>
> If localization of messages is a requirement (and it
should be),
> I would
> suggest that messages be localized by software on the
receiver's
> PC.
> This would work as follows:
>
> 1. IPP server sends message (by whatever means) to an
IPP
> client on the
> remote user's PC. This message would be formatted to be
easily
> machine
> readable.
> 2. Software on remote user's PC retrieves the message
and
> localizes it.
> 3. Localized message it displayed to user.
>
> The advantage in this approach is that the IPP server
does not
> need to
> support different languages and character sets.
Instead, IPP
> client
> software does this. Since the client software is on the
remote
> user's
> PC, the user would, presumably, have installed a
localized
> version of
> the software, and the PC will be setup with the correct
> character set.
>
> It will probably be desirable to make the original
message sent
> from the
> IPP server to the client human readable as well as
machine
> readable.
> This would allow users to read the message even if they
don't
> have IPP
> client software. This could be done by either
generating the
> message as
> English text (the defacto International standard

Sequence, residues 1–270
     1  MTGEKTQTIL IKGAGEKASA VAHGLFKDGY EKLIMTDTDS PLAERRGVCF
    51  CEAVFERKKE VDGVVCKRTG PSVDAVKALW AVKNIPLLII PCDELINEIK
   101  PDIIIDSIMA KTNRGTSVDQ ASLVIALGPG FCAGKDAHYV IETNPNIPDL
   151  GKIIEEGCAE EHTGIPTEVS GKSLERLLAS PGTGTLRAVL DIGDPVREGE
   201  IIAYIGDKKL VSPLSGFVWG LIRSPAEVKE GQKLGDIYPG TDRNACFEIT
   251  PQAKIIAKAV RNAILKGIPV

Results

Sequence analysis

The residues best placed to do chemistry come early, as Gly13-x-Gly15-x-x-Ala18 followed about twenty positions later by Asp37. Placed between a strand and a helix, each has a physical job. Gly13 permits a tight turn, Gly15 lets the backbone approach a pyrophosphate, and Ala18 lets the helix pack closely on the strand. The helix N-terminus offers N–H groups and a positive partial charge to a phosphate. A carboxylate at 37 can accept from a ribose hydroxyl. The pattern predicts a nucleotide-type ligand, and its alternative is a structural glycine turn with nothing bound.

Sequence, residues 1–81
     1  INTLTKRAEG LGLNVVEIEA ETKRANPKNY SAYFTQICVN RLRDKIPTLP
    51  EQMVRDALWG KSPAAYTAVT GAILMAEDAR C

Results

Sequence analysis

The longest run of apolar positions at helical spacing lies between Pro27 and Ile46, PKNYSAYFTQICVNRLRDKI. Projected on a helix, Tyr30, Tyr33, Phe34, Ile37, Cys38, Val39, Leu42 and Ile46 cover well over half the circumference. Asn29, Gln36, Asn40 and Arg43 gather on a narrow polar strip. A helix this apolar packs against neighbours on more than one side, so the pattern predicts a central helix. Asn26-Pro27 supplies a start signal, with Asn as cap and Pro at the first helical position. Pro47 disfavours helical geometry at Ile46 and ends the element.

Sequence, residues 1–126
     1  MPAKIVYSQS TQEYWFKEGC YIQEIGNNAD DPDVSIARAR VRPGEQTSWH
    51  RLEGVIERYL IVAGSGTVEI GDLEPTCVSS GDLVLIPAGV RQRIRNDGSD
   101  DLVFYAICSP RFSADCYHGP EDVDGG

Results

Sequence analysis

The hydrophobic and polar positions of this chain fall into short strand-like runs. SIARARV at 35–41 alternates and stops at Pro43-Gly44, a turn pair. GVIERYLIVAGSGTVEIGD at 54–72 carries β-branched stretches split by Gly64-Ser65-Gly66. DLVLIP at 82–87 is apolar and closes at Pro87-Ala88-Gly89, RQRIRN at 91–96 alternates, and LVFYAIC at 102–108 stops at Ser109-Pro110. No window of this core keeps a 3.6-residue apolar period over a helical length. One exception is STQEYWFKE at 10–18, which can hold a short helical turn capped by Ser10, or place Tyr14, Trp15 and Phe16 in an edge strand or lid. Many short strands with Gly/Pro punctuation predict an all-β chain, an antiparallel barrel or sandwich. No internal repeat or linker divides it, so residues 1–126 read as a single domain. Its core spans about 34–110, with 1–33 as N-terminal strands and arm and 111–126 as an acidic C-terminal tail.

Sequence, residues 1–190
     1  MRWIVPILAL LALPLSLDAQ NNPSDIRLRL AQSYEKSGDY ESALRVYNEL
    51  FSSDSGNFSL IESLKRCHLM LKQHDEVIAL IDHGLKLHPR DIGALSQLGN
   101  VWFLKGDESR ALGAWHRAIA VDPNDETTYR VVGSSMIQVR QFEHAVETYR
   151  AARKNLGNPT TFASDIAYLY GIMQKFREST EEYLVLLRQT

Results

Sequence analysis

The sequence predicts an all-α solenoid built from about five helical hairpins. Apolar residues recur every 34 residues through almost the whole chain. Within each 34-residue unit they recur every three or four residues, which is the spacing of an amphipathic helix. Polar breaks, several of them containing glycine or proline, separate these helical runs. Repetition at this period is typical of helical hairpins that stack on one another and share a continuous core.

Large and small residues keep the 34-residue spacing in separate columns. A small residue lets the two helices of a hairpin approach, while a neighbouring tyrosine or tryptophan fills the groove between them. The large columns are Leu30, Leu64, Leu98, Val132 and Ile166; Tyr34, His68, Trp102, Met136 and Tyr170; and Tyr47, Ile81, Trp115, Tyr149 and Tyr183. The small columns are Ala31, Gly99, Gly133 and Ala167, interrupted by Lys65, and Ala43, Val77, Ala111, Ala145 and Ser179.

language)
> formatted to
> make parsing by software easy, or by generating a two
part
> message where
> one part is text and the other part is machine readable.

>
> If email is used for notification messages (and it does
seem
> like a good
> choice), then the message from the IPP server could be
sent to a
> special
> mailbox setup at the remote site. The IPP client
software could
> be a
> specialized mail client which decodes the messages,
localizes
> them, and
> displays them to the user. If the user does not have
IPP client
> software, he would still be able to access the messages
with a
> standard
> mail client and read them in English.
>
> That's just a suggestion for how I would approach the
problem.
> The main
> point I am trying to make (which I am sure someone has